The National Comprehensive Cancer Network (NCCN) may define futile care in the patient with metastatic breast cancer as any treatment beyond third-line chemotherapy in the metastatic setting or any treatment with cytotoxic therapy in a woman with an Eastern Cooperative Oncology Group (ECOG) performance status of 3 or greater (www.NCCN.org). Is there a percentage benefit threshold under which the benefit is generally considered to be futile by patients or providers (eg, a less than 5% chance that therapy will allow patients to be alive at 1 year)? That threshold may depend on whether you are a patient or a payor if the chemotherapy involves expensive biologic agents such as erlotinib (Tarceva) or bevacizumab (Avastin).
It is critical to understand that people looking death in the eye have a different perspective. Studies from the United States, England, Canada, Japan, Norway, and Italy consistently show that cancer patients generally were willing to undergo aggressive treatment with major side effects for very small chance of benefit—different from what their doctors or nurses would choose. Some American patients with previously treated non–small-cell lung cancer (NSCLC) would accept chemotherapy for a survival benefit as short as 1 week, while others would not, even for a benefit of 2 years (the actual expected benefit was ~3 months). What if the benefit were only to improve quality of life by reducing pain or dyspnea?
The American Society of Clinical Oncology could not decide on a minimal benefit for which chemotherapy was indicated, only that some benefit must be demonstrable in terms of improved survival, quality of life, or symptom control, or lessened toxicity. Consensus panels for supportive cancer care make little distinction between curative treatment and palliative treatment that could extend life, since 6 months of added survival could be as important as an increased rate of cure. Clearly, there are no easy definitions to what exactly patients, providers, and society consider to be futile care.
Chemotherapy at the End of Life
Over 20% of Medicare patients start a new chemotherapy treatment regimen in the 2 weeks before death, and a recent survey documented that the percentage of oncology practices giving chemotherapy within 2 weeks of death ranged from 0% to 34% (C. Desch, personal communication, 2006). Chemotherapy within days of death is unlikely to improve patient survival, produces side effects, precludes entry into most hospices, and typically requires expensive supportive care with erythropoietin-like drugs and colony-stimulating factors (G-CSF [Neupogen] or GM-CSF [Leukine]). In a retrospective review of patients with incurable NSCLC, chemotherapy was given to 20% of patients within 2 weeks of death and to 43% of patients within 1 month of death. This was time lost for patients to fully take advantage of hospice services.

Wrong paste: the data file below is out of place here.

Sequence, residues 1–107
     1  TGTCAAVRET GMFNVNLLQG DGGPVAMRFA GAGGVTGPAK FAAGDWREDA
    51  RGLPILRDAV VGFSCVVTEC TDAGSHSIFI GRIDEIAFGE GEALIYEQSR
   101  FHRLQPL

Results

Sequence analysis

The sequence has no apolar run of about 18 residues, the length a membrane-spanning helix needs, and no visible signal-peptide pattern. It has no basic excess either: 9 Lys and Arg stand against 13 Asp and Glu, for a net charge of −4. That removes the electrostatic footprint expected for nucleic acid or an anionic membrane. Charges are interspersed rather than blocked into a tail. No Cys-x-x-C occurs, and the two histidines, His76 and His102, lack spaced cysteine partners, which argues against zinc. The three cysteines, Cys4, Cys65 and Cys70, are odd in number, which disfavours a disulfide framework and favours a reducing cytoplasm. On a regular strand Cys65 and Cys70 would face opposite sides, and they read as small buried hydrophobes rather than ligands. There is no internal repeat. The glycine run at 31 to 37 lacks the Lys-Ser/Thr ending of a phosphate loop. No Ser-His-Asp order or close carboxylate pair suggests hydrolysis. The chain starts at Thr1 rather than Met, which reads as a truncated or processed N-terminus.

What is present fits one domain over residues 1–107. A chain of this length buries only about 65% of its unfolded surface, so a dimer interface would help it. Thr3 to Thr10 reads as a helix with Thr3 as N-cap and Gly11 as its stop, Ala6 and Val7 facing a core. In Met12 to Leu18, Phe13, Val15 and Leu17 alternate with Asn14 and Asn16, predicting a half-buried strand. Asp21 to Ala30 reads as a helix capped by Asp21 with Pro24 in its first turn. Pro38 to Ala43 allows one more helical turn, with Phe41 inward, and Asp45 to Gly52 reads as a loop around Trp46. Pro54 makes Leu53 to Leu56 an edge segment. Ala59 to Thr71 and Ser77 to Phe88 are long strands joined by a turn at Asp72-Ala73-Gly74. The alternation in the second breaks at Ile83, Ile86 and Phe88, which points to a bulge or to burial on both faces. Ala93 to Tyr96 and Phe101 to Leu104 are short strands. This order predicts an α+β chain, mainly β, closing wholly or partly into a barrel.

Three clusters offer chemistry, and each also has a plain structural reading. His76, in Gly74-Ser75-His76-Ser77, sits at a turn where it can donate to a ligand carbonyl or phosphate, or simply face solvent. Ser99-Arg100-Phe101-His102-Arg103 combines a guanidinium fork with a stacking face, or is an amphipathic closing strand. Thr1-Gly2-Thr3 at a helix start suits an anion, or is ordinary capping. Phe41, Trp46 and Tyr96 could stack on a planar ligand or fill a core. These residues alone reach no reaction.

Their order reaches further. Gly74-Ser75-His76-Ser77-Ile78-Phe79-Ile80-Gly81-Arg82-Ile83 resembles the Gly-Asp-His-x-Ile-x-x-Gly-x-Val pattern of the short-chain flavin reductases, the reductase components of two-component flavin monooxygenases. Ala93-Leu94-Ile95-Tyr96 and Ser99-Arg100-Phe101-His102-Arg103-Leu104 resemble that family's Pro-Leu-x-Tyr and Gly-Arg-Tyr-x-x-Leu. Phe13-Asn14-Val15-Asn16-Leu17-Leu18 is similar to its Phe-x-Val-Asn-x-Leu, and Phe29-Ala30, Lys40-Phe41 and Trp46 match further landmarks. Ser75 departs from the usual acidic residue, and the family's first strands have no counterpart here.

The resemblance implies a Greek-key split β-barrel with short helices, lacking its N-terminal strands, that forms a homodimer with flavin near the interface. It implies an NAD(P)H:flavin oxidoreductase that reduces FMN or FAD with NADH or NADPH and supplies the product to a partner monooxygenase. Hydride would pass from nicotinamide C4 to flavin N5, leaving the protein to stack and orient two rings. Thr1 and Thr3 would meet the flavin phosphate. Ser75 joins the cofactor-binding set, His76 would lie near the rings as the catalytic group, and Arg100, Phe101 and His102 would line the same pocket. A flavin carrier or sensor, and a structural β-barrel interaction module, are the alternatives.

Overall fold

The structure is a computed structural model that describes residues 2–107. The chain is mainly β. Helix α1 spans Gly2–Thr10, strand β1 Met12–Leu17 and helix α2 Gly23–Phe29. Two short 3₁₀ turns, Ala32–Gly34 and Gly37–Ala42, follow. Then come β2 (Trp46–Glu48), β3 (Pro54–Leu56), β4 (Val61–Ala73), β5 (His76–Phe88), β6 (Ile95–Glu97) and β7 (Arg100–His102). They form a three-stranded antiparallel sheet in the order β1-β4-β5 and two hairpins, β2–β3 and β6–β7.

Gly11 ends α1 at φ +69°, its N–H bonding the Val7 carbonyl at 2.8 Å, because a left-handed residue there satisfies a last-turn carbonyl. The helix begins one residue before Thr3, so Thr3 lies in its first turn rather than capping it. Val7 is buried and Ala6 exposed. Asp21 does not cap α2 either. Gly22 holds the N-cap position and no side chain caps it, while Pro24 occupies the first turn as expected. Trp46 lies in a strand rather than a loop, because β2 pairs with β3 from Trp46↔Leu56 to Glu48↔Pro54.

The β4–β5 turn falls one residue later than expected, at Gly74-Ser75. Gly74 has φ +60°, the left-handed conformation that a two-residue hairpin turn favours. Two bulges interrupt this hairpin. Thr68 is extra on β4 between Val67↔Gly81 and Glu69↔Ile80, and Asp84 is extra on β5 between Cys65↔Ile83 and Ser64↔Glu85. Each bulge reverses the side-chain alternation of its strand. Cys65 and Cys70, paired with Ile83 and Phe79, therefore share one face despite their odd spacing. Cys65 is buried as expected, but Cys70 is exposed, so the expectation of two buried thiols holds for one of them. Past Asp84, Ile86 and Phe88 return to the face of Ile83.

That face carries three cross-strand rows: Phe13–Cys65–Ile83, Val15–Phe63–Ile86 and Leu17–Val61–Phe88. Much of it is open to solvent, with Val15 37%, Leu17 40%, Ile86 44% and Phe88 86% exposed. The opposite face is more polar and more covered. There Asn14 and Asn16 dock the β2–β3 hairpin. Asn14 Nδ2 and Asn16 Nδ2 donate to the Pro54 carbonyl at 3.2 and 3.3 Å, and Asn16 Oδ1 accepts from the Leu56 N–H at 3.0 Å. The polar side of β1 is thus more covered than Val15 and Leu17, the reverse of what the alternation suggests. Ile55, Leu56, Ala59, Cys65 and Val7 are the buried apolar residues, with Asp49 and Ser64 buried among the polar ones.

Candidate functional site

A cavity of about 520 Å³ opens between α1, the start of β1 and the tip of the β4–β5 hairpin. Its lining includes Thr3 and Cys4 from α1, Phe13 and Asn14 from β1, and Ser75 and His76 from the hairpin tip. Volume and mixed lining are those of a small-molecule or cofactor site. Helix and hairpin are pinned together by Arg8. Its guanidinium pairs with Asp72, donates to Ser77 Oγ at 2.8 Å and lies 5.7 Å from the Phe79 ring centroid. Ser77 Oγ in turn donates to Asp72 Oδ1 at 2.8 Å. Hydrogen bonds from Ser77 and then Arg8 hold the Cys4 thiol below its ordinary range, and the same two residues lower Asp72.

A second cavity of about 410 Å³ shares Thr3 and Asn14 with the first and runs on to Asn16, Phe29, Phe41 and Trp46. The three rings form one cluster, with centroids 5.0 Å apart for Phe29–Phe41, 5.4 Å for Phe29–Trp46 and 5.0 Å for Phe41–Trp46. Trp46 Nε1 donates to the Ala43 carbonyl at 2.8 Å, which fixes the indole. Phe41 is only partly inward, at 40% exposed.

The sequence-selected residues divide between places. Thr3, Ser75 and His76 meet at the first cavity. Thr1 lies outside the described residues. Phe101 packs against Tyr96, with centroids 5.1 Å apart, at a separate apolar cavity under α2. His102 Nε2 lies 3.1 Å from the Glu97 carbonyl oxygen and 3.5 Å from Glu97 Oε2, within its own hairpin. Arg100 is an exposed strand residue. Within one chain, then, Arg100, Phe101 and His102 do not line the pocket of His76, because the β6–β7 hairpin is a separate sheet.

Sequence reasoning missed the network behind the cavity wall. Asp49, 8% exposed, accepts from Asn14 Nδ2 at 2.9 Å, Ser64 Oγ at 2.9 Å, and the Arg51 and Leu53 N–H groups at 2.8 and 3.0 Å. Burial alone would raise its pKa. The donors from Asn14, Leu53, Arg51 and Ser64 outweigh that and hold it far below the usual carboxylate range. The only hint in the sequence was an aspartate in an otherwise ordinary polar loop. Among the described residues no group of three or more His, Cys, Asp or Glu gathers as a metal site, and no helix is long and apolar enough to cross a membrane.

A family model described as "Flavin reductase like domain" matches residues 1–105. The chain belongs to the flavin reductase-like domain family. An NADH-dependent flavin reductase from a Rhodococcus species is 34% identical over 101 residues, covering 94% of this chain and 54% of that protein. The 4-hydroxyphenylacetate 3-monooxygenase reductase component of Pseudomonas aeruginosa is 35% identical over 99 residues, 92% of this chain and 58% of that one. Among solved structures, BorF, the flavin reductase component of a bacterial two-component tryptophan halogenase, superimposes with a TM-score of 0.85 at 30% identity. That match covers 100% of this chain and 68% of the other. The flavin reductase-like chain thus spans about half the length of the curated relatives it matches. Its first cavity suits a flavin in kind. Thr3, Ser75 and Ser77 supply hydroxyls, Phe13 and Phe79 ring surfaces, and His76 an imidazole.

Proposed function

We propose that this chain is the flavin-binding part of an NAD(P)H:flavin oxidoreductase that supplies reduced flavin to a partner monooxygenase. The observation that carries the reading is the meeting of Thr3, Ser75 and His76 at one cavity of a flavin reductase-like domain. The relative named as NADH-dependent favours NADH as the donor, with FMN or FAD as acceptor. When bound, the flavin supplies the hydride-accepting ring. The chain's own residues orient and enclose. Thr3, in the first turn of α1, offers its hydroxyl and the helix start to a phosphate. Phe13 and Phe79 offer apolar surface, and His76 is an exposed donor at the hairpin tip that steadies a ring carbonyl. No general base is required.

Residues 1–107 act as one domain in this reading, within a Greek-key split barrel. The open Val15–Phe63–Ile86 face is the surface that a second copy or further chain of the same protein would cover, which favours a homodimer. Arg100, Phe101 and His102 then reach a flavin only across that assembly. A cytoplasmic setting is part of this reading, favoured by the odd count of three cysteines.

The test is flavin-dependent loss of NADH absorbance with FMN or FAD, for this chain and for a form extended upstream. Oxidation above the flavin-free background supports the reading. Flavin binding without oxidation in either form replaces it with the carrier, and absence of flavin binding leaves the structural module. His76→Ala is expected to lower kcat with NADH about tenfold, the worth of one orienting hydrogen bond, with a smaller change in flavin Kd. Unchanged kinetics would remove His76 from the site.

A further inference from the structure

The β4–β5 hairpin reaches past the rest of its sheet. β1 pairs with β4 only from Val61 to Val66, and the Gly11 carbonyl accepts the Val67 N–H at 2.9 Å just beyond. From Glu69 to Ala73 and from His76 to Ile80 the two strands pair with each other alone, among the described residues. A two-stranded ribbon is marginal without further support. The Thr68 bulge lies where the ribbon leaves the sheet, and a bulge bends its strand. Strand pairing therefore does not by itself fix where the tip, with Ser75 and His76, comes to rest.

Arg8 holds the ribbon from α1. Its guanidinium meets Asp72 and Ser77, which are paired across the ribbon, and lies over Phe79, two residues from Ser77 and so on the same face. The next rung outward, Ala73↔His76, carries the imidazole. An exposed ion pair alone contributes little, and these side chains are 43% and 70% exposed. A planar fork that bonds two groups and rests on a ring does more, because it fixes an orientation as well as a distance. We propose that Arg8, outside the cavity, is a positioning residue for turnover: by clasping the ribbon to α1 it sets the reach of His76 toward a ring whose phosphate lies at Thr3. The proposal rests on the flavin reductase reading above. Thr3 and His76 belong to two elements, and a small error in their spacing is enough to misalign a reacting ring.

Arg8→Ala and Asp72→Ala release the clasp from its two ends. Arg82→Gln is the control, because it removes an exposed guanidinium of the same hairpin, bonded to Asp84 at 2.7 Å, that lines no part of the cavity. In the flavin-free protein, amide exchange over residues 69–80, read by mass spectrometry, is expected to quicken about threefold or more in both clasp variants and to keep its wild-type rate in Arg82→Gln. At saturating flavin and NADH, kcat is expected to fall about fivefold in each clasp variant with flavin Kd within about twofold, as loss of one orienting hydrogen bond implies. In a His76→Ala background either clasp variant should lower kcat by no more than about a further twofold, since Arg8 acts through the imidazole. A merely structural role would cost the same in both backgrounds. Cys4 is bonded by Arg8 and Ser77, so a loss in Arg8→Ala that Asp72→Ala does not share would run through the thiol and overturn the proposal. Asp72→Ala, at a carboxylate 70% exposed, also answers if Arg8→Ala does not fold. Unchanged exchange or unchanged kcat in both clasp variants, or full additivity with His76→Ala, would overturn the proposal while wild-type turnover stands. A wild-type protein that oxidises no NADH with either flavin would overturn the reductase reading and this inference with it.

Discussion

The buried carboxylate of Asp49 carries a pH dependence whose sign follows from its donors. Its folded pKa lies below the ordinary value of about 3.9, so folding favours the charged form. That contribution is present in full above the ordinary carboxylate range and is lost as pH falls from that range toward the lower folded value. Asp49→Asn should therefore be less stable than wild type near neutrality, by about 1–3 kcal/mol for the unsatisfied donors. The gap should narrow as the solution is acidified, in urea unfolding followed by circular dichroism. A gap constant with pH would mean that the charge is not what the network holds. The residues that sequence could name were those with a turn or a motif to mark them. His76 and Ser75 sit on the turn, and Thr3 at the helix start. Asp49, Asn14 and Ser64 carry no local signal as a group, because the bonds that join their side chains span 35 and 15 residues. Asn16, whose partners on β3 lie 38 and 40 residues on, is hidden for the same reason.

Palliative chemotherapy regimens have a huge price tag, at a cost of up to $100,000/yr per patient, and even insured patients can be burdened by 20% copayment requirements. The cost of palliative chemotherapy for colorectal cancer could easily be $50,000/yr, not counting supportive care drugs or imaging. Patients with cancer account for about 40% of all Medicare drug costs, totaling an estimated $5.3 billion in 2006, with $1.5 billion for erythropoietin-like drugs alone. Some drugs (oxaliplatin [Eloxatin] for metastatic colon cancer and docetaxel [Taxotere] for metastatic prostate cancer) have acceptable cost-effectiveness ratios. That is, treated patients do gain several weeks or months of life, at a cost less than $100,000 per additional year of life saved—but this is still additional money that must be spent.